Wowzers! Electricity rates hovered around 32.6 cents per kilowatt-hour (“kwh”) for residents of O’ahu in April 2012. That number is actually down from record highs closer to 37 cents/kwh over the winter! While current rates may be down from those records, they are up, way way up, from what you were paying not too long ago. In 2010 the average cost of electricity for residential customers in O’ahu was 25.41 cents/kwh. That’s 28% less than your paying now, and an absurd 45.3% less than the winter highs. For a direct year-over-year comparison, compare December 2010 (35.1 c/kwh) and December 2011 (24.85 c/kwh); an increase of 41%.

To put this in perspective, utility rates usually rise at a rate around 1.5% per year. So the current rate of increase in O’ahu isn’t just high – it’s stratospheric!

Heck, folks were worried when national averages rose by 4% in 2011. At the rate your electric bill is rising, you’ll be paying north of $0.50/kwh before you know it. All of which is to say – man oh man, if I lived on O’ahu I’d sure be looking into generating my own power! I wonder if there is a way that I can eliminate most of my electric bill and help reduce greenhouse gas emissions … Wait. What’s that? Solar power can do both of those? And the state will help me pay to install it? Tell me more!

Net Metering and Interconnection

So, what exactly is this net metering program you should be choosing over the FIT program? Just like FIT, net metering requires the utility to track how much power you produce and consume. If you generate more power than you use you’ll get a credit on your next bill at the full retail rate. Credits can be carried over to bill for up to 12 months.

All of that is great. Awesome really. What’s not so hot is what happens to any credits you’ve got stored up after 12 months of rollover; they go back to the utility without compensation. Say what?! That’s some seriously inequitable stuff right there. You go and do some cool stuff for the planet and for your bank account, and the giant utility gets to keep some of your extra savings? We think that’s nonsense. We think that you think that’s nonsense also, and that you should give your state legislators a call to tell them so.

Depending on where you live you may have trouble getting hooked up to the grid to take advantage of net metering because of Hawaii’s poor Interconnection standards. We give the state legislature some credit for recognizing the need for more customer-friendly standards and attempting to simplify procedures for small residential power systems. Really, we do. We can’t commend, however, the fact that the process is still too far complicated, far too limited, and that despite the Public Utilities Commission’s 2011 attempt to reduce such needless expenses, you may still be required to pay for an expensive Interconnection Requirements Study. Even if you can get connected, required installation of an external disconnect switch and mandated insurance coverage is going to cut into your savings. Now sure, you are going to have a LOT of savings, but the utilities have a LOT of fossil-fuel backed profits, and we’d rather see the money going to you. Solid interconnection standards are an easy way to encourage and streamline the transition to renewable energy. It’s just plain silly to ignore such an easy fix.

Example 5kW (5000 Watt DC STC) Solar System Return on Investment in O’ahu

  • We start with an average price of $5/watt, or $25,000 (costs might vary a bit in your area). Fear not! That number is going down fast.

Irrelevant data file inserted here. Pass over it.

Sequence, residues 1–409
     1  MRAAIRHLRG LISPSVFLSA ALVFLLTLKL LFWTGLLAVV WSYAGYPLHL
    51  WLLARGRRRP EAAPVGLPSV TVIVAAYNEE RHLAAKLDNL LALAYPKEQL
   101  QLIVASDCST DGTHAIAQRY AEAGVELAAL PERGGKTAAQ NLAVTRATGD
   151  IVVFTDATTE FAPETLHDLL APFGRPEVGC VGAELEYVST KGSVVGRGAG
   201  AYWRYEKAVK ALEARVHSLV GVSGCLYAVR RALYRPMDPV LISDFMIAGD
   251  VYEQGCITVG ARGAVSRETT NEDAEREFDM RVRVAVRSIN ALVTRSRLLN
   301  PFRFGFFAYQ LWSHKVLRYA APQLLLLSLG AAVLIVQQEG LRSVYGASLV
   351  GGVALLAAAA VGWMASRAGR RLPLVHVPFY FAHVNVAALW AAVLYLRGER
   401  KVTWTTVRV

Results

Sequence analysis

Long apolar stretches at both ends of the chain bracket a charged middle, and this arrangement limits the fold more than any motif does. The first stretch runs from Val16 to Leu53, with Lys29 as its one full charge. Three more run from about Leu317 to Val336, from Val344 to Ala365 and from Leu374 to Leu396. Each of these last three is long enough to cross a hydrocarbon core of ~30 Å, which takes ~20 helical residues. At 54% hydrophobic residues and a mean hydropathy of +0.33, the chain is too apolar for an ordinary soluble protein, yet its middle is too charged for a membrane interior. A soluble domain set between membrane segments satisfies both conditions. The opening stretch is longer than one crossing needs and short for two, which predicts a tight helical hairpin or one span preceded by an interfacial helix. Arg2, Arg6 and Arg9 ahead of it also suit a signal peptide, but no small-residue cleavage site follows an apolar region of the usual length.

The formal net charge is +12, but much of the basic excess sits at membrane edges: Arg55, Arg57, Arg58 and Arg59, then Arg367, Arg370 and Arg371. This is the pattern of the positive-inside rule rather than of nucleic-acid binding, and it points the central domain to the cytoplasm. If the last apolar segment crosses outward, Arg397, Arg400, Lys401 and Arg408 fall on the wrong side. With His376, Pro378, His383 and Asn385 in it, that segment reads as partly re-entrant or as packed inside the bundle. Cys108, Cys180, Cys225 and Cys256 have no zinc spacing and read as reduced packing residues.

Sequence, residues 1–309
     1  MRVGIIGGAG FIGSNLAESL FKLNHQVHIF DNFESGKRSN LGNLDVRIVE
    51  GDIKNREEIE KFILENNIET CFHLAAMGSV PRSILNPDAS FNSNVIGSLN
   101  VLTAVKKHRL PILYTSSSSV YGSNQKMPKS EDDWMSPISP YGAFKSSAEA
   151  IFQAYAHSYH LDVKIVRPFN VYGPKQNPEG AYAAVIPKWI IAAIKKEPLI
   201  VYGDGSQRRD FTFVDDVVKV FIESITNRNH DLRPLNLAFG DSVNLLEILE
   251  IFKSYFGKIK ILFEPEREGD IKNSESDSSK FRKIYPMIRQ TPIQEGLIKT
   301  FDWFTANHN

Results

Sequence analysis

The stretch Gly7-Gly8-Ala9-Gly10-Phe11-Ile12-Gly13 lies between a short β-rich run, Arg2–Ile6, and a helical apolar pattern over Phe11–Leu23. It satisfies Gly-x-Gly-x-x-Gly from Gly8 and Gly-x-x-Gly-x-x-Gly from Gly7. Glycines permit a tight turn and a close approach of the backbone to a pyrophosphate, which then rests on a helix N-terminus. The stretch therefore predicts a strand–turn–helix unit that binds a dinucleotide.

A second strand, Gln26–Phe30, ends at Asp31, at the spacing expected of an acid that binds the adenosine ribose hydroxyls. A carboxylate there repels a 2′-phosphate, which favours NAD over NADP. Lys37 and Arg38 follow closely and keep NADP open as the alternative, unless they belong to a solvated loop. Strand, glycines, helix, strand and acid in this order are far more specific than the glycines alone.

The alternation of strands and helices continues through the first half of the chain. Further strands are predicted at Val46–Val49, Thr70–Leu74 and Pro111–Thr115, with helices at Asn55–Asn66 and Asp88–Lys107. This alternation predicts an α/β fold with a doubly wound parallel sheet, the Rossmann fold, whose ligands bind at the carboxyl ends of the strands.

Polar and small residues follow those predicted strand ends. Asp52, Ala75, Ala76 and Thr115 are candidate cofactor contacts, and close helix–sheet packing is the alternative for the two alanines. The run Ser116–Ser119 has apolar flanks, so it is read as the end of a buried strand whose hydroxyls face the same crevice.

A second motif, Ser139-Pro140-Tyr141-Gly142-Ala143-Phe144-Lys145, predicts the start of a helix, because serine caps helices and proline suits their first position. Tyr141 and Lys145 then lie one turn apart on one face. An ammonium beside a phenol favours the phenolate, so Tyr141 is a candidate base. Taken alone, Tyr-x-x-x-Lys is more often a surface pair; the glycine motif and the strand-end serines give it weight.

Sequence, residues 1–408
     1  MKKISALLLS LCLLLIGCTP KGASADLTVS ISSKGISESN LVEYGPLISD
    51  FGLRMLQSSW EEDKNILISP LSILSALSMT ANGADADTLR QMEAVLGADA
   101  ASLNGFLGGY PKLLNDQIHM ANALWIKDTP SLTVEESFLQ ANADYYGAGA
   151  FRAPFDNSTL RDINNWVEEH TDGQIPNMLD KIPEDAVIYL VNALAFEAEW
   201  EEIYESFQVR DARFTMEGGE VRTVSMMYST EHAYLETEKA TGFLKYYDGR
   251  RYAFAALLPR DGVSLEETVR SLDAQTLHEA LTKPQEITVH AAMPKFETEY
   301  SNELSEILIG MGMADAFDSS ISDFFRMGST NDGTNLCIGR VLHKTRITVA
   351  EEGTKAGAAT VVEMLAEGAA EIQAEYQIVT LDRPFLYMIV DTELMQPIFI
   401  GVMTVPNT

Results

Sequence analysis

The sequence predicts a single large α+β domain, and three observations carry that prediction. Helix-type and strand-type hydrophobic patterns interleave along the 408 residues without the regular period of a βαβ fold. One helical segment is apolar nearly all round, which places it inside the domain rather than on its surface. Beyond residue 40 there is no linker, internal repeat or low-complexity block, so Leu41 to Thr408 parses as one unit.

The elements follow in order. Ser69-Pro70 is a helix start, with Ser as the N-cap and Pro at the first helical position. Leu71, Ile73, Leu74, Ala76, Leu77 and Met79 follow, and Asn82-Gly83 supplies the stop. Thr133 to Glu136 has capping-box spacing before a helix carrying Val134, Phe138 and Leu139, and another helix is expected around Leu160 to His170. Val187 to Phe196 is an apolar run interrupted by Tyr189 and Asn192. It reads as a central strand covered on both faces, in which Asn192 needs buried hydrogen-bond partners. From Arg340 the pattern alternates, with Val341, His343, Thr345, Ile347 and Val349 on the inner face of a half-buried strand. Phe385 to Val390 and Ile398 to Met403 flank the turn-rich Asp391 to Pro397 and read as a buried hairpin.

• The state solar tax credit cuts $5,000 off the bill, for a new price of $20,000 already!
  • Next we take away the federal solar tax credit. This credit is calculated after the state tax credit is figured in, so we subtract 20% of $20,000, or another $6,000. Your new price is an even $14,000.
  • After accounting for both tax credits we subtract your yearly energy savings – a whopping $2,416! Your cost after year 1 is now just $11,584.
  • Your home’s value has already increased by $48,313 – more than 4 times your out-of-pocket costs for the system. And remember. That nearly 50 grand increase is exempt from property taxes for 25 years.
  • Best of all, with that low year 1 cost and those sky-high electricity bill savings, your solar power system pays for itself in just 5 short years!
  • Don’t forget about all those environmental benefits! By not using all that fossil-fuel generated electricity, you’ve done the planet a service equal to planting 131 trees.

If you’re anything like us, you’re ready to jump on board with solar power right now! We don’t blame you. Just keep in mind that these numbers are estimates – your actual savings could be either higher or lower depending on the specifics of your home. To find out exactly how much money you can save for certain, fill out the form below to get one (or two, or three) or our free quotes, and one of our expert partners in your area will contact you ASAP.

The consensus on O’ahu solar power rebates and incentives

All in all Hawaii is doing a pretty decent job encouraging residents to switch to clean and efficient solar power systems. We love that state solar power rebate (though the cap could come up a bit), and the Honolulu’s property tax exemption. On the other hand, an exemption from the General Excise Tax could go a long way to reduce up-front costs for homeowners like you, and Hawaii, and O’ahu with it, is missing a golden opportunity to have the most successful solar RPS carve-out in the nation, given the other factors that encourage residents to switch to solar power.

The dominant other factor, of course, is energy prices. None of the state’s policies are really at the heart of solar incentives in O’ahu. For that we look no further than how darn much you pay for electricity. You hate those higher rates now, but you’ll be basking in the glow of huge savings once you switch to your own solar power system. Trust us on this one. You’ll thank us if you do, and so will the planet.

Our older archived O’ahu Solar Power costs and savings breakdown images for reference:

O'ahu Solar Power - SummaryO'ahu Solar Power - Panel Payback

Last modified: February 17, 2017